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Walmart vastly expands its straight-to-your-fridge service as grocery delivery war with Amazon, Instacart, and DoorDash heats up

January 5, 2022, 5:02 PM UTC

Ready to have a Walmart worker walk into your home with bags full of groceries and put them in your fridge for you—all while you’re out?

The mammoth retailer is betting that despite the pandemic and any security concerns, millions of Americans will be willing to have strangers enter their homes to drop online orders off in their absence. Walmart is looking to gain an edge over rivals such as Amazon, DoorDash, and Instacart in the intensifying grocery delivery wars—a particularly critical arena for Walmart, which gets about 56% of its U.S. sales from food. (Walmart’s InHome service will deliver other types of items, but given the need to quickly get fresh food into fridges, grocery will be a big focus of the service.)

InHome, begun as a pilot in 2019 and expanded last year, empowers employees to enter a customer’s home to deliver groceries or other orders, or pick up merchandise returns. The employees tote a camera so the customer can watch the delivery if desired. In a big push announced on Wednesday, Walmart said InHome’s availability would expand to markets totaling 30 million households, including major metros like Chicago and Los Angeles, up from 6 million, though Walmart did not say how many customers have actually used the service.

“[We] have found it is a perfect solution for customers who want to live their lives without worrying about making it to the store or being home to accept a delivery,” said Tom Ward, senior vice president, last mile, at Walmart U.S.

To alleviate concerns over safety, Walmart’s service has its employees use a one-time access code to unlock the customer’s door or garage through the InHome app, which connects to smart entry technology. (Customers can also buy a smart lock from InHome for $49.95.) Each worker also wears a camera that records the entire visit. And in a nod to COVID concerns, employees will also sanitize any surface they touch.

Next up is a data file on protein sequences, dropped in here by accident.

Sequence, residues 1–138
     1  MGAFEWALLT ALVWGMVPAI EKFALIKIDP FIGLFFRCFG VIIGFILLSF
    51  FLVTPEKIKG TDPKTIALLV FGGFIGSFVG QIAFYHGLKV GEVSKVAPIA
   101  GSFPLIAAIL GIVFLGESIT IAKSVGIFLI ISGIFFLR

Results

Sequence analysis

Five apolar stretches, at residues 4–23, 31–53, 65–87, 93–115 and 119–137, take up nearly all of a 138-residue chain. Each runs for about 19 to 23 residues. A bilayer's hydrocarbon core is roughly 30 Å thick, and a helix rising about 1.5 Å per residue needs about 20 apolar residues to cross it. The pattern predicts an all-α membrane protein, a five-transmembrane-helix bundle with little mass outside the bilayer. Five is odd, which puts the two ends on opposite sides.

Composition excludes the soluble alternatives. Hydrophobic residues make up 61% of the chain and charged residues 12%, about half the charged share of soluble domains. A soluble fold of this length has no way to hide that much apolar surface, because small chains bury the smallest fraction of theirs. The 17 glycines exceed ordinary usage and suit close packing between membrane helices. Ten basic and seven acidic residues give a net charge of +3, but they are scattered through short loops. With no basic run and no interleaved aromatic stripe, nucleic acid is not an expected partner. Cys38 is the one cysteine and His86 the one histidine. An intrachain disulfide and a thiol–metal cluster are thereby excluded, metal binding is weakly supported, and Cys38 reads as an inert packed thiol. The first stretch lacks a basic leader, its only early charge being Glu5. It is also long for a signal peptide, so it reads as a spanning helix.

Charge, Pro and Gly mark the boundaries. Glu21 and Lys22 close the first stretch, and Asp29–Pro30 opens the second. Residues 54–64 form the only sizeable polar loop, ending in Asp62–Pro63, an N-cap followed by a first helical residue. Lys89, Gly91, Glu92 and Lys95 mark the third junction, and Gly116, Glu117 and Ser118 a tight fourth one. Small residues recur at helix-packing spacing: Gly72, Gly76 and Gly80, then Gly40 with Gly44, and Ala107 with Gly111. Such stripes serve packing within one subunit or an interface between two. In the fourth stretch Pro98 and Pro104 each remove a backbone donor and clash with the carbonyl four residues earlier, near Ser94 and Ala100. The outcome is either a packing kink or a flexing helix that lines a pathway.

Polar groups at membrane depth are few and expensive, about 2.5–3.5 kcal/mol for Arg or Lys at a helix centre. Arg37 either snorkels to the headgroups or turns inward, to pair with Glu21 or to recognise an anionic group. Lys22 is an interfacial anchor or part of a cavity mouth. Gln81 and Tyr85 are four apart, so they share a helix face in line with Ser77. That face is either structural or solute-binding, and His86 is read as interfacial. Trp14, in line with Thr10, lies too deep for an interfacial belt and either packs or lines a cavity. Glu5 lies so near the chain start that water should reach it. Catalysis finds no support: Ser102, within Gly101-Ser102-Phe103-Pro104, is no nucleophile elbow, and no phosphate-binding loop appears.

Walmart’s InHome Delivery service costs $19.95 per month and is designed to help the retail giant stand out from online rivals that have their own growing delivery services. The stakes are high for Walmart: Its overall online sales have almost doubled compared with levels of two years ago. What’s more, it has a network of thousands of stores from which most InHome deliveries originate. That distribution base could give it an edge over competitors that don’t have a fleet of stores in winning the grocery delivery market, which Insider Intelligence estimates to be a $93 billion opportunity. Amazon Fresh grocery delivery is included in Prime membership, while Instacart Express charges $9.99, the same as what DoorDash charges for a similar subscription, with certain order minimums.

To support the service, Walmart plans to hire at least 3,000 more staff dedicated to InHome and provide them with all-electric delivery vans.

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